In a nation not absent of death, Pakistani leaders seem to be taking what isn't quite so uncommon -- when it applies to one politician or two -- seriously. This just happened to apply to more than one. Each member of Pakistan’s parliament, provincial assemblies or senate who was threatened via SMS message represents nine to 10 newly-banned words. Yeah, the amount of people issued death threats is nearly 10% of the words slated for text ban.
Pakistani politicians kind of have reason to be concerned: Taliban and Al-Qaeda members are notoriously responsible for killing -- members thought linked to thousands who have been killed in the past four years, including responsibility in the death of Pakistani politicians.
But the PTA seems intent on maintaining an appearance of power. The agency claims there is no missed deadline -- denying that Monday, November 21, marked any official deadline for a message ban. The government agency is citing the fact that messages containing those words were still being transmitted by mobile service providers on November 21. See? No problem. Except that at least one mobile service provider had already issued a previous statement at the time -- indicating that, yes, those "offensive" or "obscene" messages were still going through. But the reason differs from what the PTA is now presenting. When the cell phone service companies mentioned those continued transmissions, the rep indicated the reason had to do with network issues or problems in implementing that kind of filtering -- in that volume -- immediately.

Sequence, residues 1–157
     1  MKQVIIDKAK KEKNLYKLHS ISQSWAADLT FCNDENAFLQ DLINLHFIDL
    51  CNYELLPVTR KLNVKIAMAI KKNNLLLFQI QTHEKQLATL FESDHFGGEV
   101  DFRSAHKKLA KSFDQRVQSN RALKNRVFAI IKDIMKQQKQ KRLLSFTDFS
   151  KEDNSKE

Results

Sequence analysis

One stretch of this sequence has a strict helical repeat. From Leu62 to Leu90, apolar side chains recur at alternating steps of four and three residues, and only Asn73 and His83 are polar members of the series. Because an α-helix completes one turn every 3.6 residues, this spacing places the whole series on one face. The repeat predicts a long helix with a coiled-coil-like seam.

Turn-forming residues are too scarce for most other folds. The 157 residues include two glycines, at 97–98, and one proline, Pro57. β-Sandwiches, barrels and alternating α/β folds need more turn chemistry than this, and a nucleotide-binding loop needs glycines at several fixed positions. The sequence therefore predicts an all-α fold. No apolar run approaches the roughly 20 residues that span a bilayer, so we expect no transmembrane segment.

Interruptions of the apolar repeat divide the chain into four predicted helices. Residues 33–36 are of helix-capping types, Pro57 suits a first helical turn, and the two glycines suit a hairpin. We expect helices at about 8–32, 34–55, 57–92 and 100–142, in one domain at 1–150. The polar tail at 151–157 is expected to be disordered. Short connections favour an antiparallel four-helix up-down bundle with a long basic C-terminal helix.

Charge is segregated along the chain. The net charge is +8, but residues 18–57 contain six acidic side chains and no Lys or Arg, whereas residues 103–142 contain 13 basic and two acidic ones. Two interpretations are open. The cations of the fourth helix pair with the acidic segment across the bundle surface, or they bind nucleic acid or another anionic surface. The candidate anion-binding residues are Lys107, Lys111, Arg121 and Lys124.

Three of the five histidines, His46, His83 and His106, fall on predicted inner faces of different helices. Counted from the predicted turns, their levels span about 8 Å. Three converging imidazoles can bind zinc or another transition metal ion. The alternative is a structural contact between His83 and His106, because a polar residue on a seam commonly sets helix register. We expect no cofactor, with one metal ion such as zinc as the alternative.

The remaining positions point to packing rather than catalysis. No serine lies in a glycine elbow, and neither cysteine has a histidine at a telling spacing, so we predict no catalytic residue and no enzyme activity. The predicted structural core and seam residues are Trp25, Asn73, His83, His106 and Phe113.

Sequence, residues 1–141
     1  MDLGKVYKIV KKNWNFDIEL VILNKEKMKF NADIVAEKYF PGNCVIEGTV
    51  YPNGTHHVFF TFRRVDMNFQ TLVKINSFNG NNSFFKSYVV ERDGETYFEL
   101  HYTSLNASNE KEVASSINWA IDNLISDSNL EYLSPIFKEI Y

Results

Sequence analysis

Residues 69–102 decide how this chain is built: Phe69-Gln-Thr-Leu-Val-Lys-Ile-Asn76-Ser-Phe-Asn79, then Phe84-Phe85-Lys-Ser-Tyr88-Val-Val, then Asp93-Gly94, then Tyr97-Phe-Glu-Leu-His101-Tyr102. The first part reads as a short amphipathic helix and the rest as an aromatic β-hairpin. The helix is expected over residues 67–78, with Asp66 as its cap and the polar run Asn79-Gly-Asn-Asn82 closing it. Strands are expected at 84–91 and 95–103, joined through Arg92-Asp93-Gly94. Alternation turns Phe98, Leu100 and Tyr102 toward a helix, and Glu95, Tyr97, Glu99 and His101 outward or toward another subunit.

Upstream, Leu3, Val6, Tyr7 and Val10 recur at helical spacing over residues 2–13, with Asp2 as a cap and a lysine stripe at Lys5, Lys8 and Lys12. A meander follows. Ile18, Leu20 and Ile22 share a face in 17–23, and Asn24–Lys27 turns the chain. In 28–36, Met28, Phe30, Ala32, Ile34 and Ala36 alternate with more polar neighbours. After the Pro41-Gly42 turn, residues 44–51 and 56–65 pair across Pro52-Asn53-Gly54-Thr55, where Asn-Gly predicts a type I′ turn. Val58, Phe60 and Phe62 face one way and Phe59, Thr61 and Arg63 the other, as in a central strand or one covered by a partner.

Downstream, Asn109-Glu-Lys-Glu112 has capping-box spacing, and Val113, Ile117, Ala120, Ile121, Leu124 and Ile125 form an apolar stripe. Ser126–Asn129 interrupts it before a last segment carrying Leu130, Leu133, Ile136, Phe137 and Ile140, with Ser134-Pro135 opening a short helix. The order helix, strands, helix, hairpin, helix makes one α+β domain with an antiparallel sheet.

The PTA's version is that the continued transmissions had to do with absence of a deadline -- not the impression provided to worldwide media outlets, told the deadline was going into effect 7 days after the November 14 communication to the telecommunications service companies. But the PTA's claim is now this: “There were two weekly holidays on 19 and 20 November (Saturday and Sunday) and there are still two days left to complete this seven-day period,” according to Mohammad Younis Khan. That's right, everything's right on schedule. Or that's what the PTA would like the world to believe.
Simultaneously Younis Khan admits to “reservations” of the involved telecommunications companies that were effectively forced into the new filtering of the "obscene" -- companies that also received a letter, along with a huge list of newly-banned words, claiming the PTA move to be legal under the Pakistan Telecommunication Act of 1996 which prohibits people from transmitting messages that are “false, fabricated, indecent or obscene”.
The letter accompanying the list of banned words said the move was legal under the Pakistan Telecommunication Act of 1996 which prohibits people from transmitting messages that are “false, fabricated, indecent or obscene”. Surprisingly it's taken more than one day but, not surprisingly, the attempt by the PTA is being legally challenged. It's unclear whom may be alive by any trial time but campaign group 'Bytes' is challenging ready to fight it out in court -- saying “a new, ruthless wave of moral policing” is a violation of rights, free speech and privacy. No kidding. The group also mentions the text messaging ban has made a mockery of the country. No kidding.
No matter the country, it seems attorneys earn their keep.